- About the book
DetailsIn this timely book, the authors provide a detailed analysis of Russia's national interests in the Arctic region. They assess Russia's domestic discourse on the High North's role in the system of national priorities as well as of Moscow's bi- and multilateral relations with major regional players, energy, environmental, socio-cultural, and military policies in the Arctic. In contrast to the internationally wide-spread stereotype of Russia as a revisionist power in the High North, this book argues that Moscow tries to pursue a double-sided strategy in the region. On the one hand, Russia aims at defending her legitimate economic interests in the region. On the other hand, Moscow is open to co-operation with foreign partners that are willing to partake in exploiting the Arctic natural resources. The general conclusion is that in the foreseeable future Moscow's strategy in the region will be predictable and pragmatic rather than aggressive or spontaneous. The authors argue that in order to consolidate the soft power pattern of Russia's behavior a proper international environment in the Arctic should be created by common efforts. Other regional players should demonstrate their responsibility and willingness to solve existing and potential problems on the basis of international law.
- The author
About the authorAlexander Sergunin is Professor of International Relations at the St. Petersburg State University and Higher School of Economics, Russia.
Valery Konyshev is Professor of International Relations at the St. Petersburg State University, Russia.
Reviews"Offers a wide-ranging account of the emerging issues in Russia's Arctic strategies.
This book will be of great interest not only to scholars but also to students of International Relations and Arctic Studies."—Poul Wolfssen, Professor, Roskilde University, Denmark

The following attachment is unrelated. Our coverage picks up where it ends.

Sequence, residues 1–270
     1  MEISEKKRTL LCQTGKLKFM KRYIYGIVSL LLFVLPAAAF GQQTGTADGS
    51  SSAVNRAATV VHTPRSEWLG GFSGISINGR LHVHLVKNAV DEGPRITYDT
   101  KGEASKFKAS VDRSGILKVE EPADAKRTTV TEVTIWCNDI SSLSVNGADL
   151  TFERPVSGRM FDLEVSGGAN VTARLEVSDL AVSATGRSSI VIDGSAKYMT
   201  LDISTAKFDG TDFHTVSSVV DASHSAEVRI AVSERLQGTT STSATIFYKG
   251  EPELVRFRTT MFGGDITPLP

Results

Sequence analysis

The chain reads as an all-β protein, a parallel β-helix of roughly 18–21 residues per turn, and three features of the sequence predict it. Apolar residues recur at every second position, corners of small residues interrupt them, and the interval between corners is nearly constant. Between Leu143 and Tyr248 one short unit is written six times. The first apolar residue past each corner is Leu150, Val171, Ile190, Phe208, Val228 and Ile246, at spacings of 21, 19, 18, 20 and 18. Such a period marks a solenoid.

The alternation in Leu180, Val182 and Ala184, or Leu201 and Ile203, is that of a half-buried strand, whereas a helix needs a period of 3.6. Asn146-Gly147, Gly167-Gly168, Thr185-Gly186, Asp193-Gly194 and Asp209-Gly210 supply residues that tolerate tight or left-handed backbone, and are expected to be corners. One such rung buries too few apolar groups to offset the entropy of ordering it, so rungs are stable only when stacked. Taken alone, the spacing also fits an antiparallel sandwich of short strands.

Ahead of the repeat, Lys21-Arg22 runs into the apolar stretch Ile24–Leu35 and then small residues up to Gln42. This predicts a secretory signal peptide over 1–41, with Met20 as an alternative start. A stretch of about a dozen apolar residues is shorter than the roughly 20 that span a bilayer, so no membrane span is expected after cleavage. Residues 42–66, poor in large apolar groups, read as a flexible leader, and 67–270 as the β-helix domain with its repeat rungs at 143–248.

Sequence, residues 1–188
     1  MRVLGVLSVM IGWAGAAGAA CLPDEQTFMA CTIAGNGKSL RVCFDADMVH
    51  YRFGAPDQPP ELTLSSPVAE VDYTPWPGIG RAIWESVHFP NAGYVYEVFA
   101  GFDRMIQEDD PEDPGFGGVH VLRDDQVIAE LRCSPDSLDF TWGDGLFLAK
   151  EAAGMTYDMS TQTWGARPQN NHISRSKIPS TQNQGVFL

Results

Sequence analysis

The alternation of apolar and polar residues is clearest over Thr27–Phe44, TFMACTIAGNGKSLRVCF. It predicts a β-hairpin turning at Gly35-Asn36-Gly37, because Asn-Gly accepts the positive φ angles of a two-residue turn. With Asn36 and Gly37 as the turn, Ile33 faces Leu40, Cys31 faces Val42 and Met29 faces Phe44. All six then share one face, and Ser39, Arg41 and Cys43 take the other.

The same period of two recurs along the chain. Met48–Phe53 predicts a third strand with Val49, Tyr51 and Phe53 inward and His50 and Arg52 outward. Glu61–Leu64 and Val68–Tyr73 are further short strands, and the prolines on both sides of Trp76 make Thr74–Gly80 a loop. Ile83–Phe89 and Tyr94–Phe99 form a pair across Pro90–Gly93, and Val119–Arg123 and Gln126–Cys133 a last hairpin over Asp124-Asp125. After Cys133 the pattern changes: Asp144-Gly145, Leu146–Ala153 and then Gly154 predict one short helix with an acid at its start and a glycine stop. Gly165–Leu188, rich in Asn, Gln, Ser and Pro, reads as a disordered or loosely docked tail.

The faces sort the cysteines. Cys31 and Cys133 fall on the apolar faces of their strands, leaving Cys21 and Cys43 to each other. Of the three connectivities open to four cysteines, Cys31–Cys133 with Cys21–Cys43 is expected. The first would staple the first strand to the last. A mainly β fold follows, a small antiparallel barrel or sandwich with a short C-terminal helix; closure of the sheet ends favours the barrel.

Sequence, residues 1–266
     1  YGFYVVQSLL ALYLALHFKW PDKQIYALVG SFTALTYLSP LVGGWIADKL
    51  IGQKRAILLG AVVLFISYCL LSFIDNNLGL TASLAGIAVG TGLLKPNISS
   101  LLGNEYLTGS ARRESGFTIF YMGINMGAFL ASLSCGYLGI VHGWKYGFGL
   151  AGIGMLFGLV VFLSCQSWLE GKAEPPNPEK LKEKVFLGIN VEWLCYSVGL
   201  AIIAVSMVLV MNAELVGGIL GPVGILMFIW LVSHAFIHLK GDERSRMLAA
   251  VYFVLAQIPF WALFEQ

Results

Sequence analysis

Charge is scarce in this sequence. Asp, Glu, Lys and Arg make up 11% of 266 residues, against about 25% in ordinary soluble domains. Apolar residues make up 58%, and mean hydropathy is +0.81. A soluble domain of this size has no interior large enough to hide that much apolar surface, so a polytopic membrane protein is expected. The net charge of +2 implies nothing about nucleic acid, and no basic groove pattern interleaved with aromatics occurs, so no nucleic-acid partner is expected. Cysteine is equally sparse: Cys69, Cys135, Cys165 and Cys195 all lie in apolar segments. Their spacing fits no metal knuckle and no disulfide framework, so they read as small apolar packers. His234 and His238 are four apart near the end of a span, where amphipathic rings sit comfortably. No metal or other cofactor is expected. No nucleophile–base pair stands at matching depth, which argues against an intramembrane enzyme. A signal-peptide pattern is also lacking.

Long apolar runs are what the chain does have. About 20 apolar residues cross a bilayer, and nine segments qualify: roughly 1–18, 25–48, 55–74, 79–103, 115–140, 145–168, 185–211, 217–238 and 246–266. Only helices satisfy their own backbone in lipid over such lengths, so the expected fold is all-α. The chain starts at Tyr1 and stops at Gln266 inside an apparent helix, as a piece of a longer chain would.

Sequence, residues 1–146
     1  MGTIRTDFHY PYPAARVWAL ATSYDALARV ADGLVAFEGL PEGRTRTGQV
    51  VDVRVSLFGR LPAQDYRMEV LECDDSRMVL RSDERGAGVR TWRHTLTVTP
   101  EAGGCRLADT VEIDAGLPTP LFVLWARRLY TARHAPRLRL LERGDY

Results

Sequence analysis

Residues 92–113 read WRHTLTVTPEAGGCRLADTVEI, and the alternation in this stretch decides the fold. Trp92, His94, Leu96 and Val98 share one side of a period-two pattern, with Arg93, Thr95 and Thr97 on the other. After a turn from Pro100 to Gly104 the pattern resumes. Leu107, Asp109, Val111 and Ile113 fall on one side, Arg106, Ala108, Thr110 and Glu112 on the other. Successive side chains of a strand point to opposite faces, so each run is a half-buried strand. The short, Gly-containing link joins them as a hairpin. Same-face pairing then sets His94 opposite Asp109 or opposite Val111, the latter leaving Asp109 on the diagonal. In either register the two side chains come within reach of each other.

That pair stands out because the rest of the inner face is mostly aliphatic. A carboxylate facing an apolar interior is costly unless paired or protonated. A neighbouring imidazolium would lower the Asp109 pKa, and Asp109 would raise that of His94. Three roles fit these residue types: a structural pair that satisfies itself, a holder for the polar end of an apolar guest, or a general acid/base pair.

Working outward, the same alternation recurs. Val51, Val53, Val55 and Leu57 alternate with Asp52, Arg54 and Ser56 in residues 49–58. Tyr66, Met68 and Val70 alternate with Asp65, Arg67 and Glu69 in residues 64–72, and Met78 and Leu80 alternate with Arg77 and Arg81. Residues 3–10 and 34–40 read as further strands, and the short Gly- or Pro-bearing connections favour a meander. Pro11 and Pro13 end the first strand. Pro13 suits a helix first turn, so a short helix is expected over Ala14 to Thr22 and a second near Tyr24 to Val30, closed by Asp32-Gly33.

"A profound analysis of recent key themes in Russia's Arctic policies.
The work of two well-known Russian political analysts specializing in Arctic studies.
Very well-written in an accessible manner."—Mikhal Rykhtik, Professor of International Relations, Director of the Institute of International Relations und World History, Nizhny Novgorod State University, Russia
"A very interesting and actual book about modern politics in the region at the northern end of the globe that generally lies far off the public consciousness. The well researched book is very interesting not only for polar travellers and polar adventurers but everyone interested in the future development of the northernmost region of the planet."—Christoph Höbenreich, bergbuch.info
“Overall, the book’s nine chapters are organised according to a very clear and logical sequence that allows the reader to easily follow the reasoning of the authors. The analysis is coherent and consistent and offers a very good overview of Russian policy and strategies in the Arctic.”—Europe-Asia Studies, issue 69/10, 2017
- Additional Information